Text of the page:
England & Wales

Being an effective Councillor Supporting other Councillors: Being a Mentor

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Delivering the role of a Councillor requires high levels of knowledge, skill and approach.  On being elected or on becoming a Cabinet member an individual is likely to bring to the role a great degree of expertise. However, it is also likely to be the case that some skill gaps need to be quickly developed in order to be effective beyond doubt.  With this in mind, mentoring provides a proven real life cost effective learning experience which can be used to support and accelerate the development of fellow Councillors.

Mentoring refers to a process whereby a more experienced person assists someone and is willing to share his/her knowledge with someone of less experience in a relationship of mutual trust.  However, in achieving success it has been cited that it is important that both Mentors and Mentees receive relevant training.

In addition to its numerous benefits, mentoring serves many uses:

  • To support development particularly during times of change, where it can be implemented to help maintain morale and motivation and create a sense that people are valued.
  • To enable individuals to take greater responsibility for personal and professional development where they are looking to enhance performance and increase their effectiveness.
  • To enable those new into a role to extend existing skills and develop new skills

Mentoring is a practice that has been taking place for millennia and in giving help to each other some Elected Members may have developed informal mentoring relationships which have been of benefit to the Mentee, the authority and the wider community. On the other hand, carried out incorrectly mentoring can have negative consequences.  Mentors need a range of qualities, knowledge and skills including flexibility, the ability to provide support an understanding of adult development and possession of essential listening skills. This short course is intended to heighten understanding and work towards developing such attributes by using a range of appropriate learning methods. There will also be an opportunity to discuss some of the associated skills of Coaching and to share and build upon existing experience.

Programme*

9.30    Registration. Refreshments upon arrival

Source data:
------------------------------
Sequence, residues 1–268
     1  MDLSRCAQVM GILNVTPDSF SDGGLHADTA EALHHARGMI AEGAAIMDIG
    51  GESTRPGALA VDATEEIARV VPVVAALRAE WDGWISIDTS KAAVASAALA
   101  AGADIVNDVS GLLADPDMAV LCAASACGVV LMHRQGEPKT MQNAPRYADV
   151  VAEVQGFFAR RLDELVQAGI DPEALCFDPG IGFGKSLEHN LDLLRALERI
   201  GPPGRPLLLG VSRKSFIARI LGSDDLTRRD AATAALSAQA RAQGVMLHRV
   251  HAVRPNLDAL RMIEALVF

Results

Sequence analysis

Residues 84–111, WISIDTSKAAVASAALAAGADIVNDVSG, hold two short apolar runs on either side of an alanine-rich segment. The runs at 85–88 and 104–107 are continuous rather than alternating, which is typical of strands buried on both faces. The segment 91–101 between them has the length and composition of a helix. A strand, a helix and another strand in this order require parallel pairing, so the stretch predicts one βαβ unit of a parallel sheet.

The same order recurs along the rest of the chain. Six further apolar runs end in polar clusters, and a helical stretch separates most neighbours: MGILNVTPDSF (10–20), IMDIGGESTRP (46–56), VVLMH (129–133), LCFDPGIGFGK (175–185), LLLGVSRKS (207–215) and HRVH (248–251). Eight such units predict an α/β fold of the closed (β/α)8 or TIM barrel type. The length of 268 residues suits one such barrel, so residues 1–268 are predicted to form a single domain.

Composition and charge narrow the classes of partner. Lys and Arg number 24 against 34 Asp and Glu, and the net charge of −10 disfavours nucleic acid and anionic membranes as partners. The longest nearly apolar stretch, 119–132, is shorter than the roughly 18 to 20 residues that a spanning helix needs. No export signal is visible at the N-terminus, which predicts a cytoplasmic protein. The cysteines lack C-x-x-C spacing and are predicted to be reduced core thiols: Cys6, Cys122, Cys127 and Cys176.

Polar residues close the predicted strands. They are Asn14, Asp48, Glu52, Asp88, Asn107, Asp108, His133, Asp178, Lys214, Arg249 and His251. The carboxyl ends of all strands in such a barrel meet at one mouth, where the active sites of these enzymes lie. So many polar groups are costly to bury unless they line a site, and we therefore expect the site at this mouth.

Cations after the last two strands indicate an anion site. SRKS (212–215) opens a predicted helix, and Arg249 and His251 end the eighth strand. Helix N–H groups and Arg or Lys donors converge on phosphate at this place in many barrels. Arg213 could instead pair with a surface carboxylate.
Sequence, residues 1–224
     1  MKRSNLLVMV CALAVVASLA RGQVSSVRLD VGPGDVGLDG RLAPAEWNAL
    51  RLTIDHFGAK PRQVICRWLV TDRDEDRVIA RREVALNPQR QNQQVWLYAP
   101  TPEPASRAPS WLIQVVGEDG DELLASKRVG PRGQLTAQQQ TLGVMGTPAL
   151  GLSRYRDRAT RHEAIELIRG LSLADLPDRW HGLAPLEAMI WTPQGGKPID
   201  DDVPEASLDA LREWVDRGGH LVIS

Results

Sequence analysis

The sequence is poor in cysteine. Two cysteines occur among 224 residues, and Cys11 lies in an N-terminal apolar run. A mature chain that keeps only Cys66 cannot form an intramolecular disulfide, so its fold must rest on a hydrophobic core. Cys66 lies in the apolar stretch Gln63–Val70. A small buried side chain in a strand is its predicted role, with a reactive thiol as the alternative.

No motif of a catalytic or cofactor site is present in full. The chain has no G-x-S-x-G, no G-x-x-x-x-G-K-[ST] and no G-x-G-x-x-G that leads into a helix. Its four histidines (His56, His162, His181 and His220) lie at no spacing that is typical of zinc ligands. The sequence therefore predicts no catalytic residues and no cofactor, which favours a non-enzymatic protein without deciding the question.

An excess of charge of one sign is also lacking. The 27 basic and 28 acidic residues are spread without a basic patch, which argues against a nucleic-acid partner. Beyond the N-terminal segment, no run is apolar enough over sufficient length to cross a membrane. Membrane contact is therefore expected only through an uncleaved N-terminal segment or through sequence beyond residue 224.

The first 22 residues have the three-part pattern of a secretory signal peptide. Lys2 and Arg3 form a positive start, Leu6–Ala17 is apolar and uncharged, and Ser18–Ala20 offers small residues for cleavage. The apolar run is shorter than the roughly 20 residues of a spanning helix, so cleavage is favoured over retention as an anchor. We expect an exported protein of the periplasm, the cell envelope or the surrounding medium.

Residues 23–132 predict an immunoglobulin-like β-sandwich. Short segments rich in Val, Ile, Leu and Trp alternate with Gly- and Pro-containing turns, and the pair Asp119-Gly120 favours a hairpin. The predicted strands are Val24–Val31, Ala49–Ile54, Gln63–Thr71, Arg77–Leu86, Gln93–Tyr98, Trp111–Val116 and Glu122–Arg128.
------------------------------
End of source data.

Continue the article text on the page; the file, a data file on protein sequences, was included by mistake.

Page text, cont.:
10.00  Introduction

           Mentoring

  •          What is mentoring?
  •             The benefits of mentoring
  •             The role of the Mentor & the responsibilities of the Mentee
  •             The qualities, knowledge and skills required of a Mentor
  •             Recognising possible problems
  •             Activities involved in the mentoring arrangement
  •          Common concerns of a Councillor (the Mentee)

11.30  Morning Break (20 minutes)

11.50  How Adults Learn

  •             Learning Cycle
  •             Learning Styles & Learning Models

13.00  Lunch  (45 minutes)

13.45  Mentoring Skills & Techniques

  •             Questioning & Listening
  •             Techniques to guide mentee performance
  •             Giving and receiving constructive and positive feedback

15.30  Close

*This programme is correct at time of publication, but programme content may be altered without notice to reflect speaker changes which are beyond our control.

Who should attend?

This seminar will be of value to all elected members who are in a position to impart wisdom and experience to others. The seminar will include material suitable for the Mentor and Mentees.

The seminar may be particularly useful to Councillors involved in the attainment of regional Councillor Development Charters and those Councillors who are designated as Ambassadors for Learning.

Speakers:

Session facilitated by

Jacqueline Mansell MA, BSc(Hons) FiFL and Chartered FCIPD is a professional personal development management, training management and equalities facilitator and trainer with over 20 years of experience in these disciplines. In addition Jacqueline provides counselling, coaching and team development. She has a strong track record working with elected members where for many years her position involved setting strategy and designing member development programmes for 46 councils.

Supported by:

Alan Waters, Is Learning and Development Manager at the LGIU and  has extensive experience delivering a wide range of training programmes for elected members. He is also a senior member of Norwich City Council and is currently deputy leader of the Council.

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